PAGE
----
Evaluation of Paenibacillus PGPR Strains for Growth Promotion and Biocontrol of Rice Sheath Blight
Type of DegreeMaster's Thesis
Entomology and Plant Pathology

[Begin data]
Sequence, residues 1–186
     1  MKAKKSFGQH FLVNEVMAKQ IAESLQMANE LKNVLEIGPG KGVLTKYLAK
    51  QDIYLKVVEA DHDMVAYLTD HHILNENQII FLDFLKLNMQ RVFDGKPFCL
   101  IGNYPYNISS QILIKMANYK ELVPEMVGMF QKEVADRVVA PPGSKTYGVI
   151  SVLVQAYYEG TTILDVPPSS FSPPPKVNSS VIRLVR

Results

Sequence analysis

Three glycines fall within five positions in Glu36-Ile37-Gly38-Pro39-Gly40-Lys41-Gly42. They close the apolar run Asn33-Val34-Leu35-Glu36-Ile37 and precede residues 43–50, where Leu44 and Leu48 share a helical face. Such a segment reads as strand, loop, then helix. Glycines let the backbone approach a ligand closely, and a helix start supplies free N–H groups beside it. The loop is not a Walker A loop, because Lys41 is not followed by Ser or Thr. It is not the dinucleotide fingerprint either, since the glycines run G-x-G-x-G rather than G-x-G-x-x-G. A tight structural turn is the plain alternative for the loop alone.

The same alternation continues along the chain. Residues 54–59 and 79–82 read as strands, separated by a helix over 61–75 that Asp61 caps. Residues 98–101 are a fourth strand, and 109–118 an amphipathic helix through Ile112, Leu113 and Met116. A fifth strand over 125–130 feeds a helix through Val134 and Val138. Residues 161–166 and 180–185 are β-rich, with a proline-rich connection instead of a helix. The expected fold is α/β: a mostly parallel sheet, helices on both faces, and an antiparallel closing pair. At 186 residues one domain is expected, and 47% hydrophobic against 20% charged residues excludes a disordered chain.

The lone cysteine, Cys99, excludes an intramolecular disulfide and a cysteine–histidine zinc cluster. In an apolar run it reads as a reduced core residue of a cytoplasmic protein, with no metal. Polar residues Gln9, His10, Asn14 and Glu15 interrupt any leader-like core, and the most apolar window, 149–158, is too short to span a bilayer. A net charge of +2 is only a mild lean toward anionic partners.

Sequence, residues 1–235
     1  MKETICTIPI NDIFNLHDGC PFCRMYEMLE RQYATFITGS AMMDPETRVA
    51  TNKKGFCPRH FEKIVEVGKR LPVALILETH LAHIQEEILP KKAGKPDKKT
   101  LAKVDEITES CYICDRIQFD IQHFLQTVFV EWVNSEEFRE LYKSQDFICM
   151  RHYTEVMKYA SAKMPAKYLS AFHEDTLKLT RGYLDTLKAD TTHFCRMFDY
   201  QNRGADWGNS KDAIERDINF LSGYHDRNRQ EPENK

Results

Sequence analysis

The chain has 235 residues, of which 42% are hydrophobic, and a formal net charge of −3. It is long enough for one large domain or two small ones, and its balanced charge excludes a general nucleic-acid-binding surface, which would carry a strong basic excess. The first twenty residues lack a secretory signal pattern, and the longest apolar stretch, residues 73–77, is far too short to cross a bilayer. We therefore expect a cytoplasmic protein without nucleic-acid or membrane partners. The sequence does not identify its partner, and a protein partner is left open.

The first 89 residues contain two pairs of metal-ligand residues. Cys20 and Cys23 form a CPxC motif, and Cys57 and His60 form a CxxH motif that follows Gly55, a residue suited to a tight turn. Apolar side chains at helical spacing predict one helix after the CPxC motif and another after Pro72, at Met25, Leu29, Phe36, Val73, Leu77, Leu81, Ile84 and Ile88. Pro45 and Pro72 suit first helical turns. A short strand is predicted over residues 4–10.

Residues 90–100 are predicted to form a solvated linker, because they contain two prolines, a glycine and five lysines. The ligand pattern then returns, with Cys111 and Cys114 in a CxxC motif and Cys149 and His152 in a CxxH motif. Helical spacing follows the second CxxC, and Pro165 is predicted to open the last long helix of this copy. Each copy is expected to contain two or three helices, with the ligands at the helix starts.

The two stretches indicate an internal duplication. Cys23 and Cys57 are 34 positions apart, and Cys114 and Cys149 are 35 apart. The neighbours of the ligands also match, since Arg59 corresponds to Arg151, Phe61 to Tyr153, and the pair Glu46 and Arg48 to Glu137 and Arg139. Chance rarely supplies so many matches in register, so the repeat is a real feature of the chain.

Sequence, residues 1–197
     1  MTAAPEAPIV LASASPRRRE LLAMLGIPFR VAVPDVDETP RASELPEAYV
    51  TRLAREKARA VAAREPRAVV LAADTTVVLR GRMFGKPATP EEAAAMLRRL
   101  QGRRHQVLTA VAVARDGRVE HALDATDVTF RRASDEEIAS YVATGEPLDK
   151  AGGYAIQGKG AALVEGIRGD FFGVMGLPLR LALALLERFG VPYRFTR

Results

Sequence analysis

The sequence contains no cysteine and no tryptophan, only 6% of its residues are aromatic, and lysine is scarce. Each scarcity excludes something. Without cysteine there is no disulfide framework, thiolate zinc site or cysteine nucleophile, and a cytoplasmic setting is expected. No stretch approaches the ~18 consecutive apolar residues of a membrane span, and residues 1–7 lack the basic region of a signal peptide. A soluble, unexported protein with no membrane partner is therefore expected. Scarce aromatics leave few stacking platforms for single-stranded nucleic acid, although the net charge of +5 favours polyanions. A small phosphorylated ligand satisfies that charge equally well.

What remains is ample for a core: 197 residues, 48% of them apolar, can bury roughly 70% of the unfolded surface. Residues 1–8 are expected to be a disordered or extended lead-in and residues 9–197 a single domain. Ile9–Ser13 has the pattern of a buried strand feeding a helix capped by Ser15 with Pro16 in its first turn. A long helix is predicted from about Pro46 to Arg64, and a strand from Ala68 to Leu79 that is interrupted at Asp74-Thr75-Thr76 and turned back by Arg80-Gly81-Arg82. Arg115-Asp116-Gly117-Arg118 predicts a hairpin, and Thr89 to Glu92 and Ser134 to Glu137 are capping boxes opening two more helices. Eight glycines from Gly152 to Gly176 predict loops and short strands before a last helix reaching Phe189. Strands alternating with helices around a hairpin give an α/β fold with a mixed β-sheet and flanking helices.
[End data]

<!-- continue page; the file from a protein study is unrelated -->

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A study was conducted to evaluate PGPR strains belonging to the genus Paenibacillus for their potential as biological control agents of rice sheath blight disease caused by Rhizoctonia solani. Paenibacillus strains are known to produce a wide variety of antimicrobial compounds with activity against both fungi and bacteria, which led us to hypothesize that this genus of bacteria may harbor potent biological control agents of Rhizoctonia solani. First, a preliminary screening of 335 Paenibacillus strains belonging to 56 species was conducted to identify strains with antagonistic capability to R. solani. In total, 21 strains belonging to the species P. peoriae, P. jamilae, and P. polymyxa exhibited antagonism. These strains were then evaluated in several in vitro experiments to further characterize their antagonism to R. solani, including an advanced antibiosis assay, a sclerotia germination assay, and a detached leaf assay. All but one of the Paenibacillus strains completely inhibited the germination of R. solani sclerotia. In addition, nine strains in total significantly reduced the average disease rating in a detached leaf assay as compared to the disease control. These nine strains were then evaluated in greenhouse disease assays for their capacity to antagonize R. solani in planta. Six of the evaluated nine strains had significantly lower lesion length percentages, and four of these strains (JJ-195, JJ-1580, JJ-1710, JJ-1824) also had significantly lower disease ratings compared to the disease control. Paenibacillus strains showing antagonistic activity were also evaluated for their ability to promote the early growth of rice; however, no significant differences were observed. In addition, the colonization dynamics of three selected strains were evaluated in the rice phyllosphere utilizing rifampicin-resistant generated mutants. Populations of all three strains decreased rapidly over the selected time points: 0, 1 week, and 2 weeks after inoculation suggesting that these strains are not well-suited to the phyllosphere, and that a large population size was not necessary for some strains to have effective biological control of R. solani.